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A Journal on Anesthesiology, Resuscitation, Analgesia and Intensive Care

Official Journal of the Italian Society of Anesthesiology, Analgesia, Resuscitation and Intensive Care
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Minerva Anestesiologica 2000 December;66(12):855-60


language: Italian

Biochemical and metabolic aspects of oxyradical pathology in the hypoxic-ischemic-reperfused human skeletal muscle tissue. Clinical markers and therapeutic approach

Corbucci G. G., Chelo C. *, Salvi N. *, Velluti C. *, Lettieri B., Grella E. **

Università degli Studi - Cagliari Ist. Anestesia - Rianimazione
*Istituto Clinica Ortopedica e Traumatologica II Università degli Studi - Napoli
**Dip. Anestesia - Rianimazione - Terapia Intensiva


Biochemical and metabolic aspects
of oxyradical pathology in the
hypoxic-ischemic-reperfused human
skeletal muscle tissue. Clinical markers and therapeutic approach
Background. Following our previous studies on the biomolecular and biochemical aspects of the human tissue oxidative damage due to hypoxia, ischemia and reperfusion, aim of the present work is to evaluate the role pla-yed by oxyradical generation in the morpho-functional cellular injury. We evaluated the tissue levels of some metabolic markers (MDA, Catalase, Uric Acid) to obtain a pathogenic picture and then a therapeutic approach closely related to the cellular biodynamics.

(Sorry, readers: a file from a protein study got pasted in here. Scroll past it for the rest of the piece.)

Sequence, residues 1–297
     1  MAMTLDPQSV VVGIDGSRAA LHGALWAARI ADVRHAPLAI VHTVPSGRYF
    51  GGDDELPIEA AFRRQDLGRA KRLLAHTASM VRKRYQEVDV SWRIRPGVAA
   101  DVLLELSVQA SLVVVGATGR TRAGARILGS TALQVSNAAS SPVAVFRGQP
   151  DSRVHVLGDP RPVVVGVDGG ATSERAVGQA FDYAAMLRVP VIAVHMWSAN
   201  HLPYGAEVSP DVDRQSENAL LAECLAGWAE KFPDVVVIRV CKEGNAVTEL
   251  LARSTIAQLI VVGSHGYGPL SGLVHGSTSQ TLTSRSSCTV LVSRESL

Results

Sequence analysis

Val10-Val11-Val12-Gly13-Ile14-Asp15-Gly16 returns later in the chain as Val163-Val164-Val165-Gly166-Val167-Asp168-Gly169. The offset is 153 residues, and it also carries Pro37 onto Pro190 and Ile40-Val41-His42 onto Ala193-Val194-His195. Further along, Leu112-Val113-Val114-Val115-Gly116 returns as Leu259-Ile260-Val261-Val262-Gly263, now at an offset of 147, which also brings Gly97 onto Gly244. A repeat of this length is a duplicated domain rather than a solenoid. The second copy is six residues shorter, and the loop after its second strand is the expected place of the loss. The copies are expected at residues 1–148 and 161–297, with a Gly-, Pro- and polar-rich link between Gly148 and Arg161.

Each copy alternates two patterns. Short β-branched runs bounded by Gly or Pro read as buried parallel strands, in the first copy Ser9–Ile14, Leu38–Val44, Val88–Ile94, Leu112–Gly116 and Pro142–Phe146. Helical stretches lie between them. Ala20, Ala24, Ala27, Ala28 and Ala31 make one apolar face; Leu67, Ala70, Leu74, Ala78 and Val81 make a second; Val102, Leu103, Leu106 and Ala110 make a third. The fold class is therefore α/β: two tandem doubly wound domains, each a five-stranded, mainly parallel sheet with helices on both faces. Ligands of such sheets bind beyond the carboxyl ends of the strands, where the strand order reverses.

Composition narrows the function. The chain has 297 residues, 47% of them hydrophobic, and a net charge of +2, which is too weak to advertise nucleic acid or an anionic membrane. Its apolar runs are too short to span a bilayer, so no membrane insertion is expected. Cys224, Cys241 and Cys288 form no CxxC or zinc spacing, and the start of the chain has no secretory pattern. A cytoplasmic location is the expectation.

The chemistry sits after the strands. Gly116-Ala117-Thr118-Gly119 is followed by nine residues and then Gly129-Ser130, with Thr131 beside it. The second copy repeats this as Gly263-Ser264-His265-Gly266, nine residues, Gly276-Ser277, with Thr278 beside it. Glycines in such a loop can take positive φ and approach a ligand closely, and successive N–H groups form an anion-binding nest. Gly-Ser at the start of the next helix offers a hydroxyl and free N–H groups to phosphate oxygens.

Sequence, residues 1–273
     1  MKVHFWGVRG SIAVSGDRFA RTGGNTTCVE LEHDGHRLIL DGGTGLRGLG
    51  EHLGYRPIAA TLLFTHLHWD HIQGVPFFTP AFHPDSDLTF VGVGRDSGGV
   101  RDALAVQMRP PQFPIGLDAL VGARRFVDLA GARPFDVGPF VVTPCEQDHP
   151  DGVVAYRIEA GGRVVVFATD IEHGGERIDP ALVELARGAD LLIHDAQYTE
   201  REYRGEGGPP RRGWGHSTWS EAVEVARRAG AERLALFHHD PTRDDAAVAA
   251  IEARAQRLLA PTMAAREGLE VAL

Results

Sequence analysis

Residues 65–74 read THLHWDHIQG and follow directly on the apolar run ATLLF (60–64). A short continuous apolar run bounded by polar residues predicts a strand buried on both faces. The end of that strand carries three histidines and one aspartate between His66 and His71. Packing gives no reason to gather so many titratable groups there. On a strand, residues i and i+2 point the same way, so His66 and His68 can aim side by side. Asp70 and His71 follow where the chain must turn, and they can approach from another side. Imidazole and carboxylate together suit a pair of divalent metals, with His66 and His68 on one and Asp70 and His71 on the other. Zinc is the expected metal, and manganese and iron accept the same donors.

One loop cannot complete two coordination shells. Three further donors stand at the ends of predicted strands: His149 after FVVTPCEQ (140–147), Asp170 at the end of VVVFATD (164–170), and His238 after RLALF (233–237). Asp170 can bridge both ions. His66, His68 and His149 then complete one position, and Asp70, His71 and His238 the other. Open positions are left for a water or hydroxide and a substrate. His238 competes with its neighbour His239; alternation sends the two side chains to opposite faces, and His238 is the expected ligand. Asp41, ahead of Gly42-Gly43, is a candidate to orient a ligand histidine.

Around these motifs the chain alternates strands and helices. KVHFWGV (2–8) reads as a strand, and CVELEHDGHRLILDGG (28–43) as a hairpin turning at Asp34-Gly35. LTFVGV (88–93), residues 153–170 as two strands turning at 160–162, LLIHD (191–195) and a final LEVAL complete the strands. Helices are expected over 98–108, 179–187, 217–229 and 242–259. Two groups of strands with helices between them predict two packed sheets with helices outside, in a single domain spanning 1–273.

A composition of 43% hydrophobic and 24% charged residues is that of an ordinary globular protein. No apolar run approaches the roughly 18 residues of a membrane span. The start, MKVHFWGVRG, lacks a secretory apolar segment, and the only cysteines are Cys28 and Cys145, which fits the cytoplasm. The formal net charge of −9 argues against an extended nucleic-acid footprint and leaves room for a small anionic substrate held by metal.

Methods. A skeletal muscle samples were taken during elective knee orthopedic surgery in 20 consecutive patients. The biopsies were taken in normoxic conditions and after 5±1 and 62±3 min form tourniquet application and finally 21±2 min following muscle reperfusion. The samples were assayed for tissue Malondialdeyade (MDA), uric acid and catalase (CAT) contents with HPLC and fluorimetric procedures. All data were evaluated in terms of computerized statistical analysis.
Results. When compared to normoxic tissue (1.24±0.26 nmoli.mg-1 protein), the MDA levels show a moderate increase in hypoxic (1.66±0.12) and ischemic tissue (1.78±0.13), while highly significant is the rise in reperfused muscle MDA content (5.94±0.15). The uric acid as far as CAT shows no appreciable alterations in hypoxia and ischemia. Following reoxygenation an increase in uric acid contents with a concomitant CAT tissue consumption appear evident.
Conclusions. The obtained data seem to underline the cytoprotective role played by adaptive changes in the hypoxic and ischemic human cells. On the contrary, the rapid reoxygenation of the ischemic tissue appears to start oxyradical neo-generation. In clinical and therapeutic terms these observations underline a peculiar and different approach to the critically ill patient.

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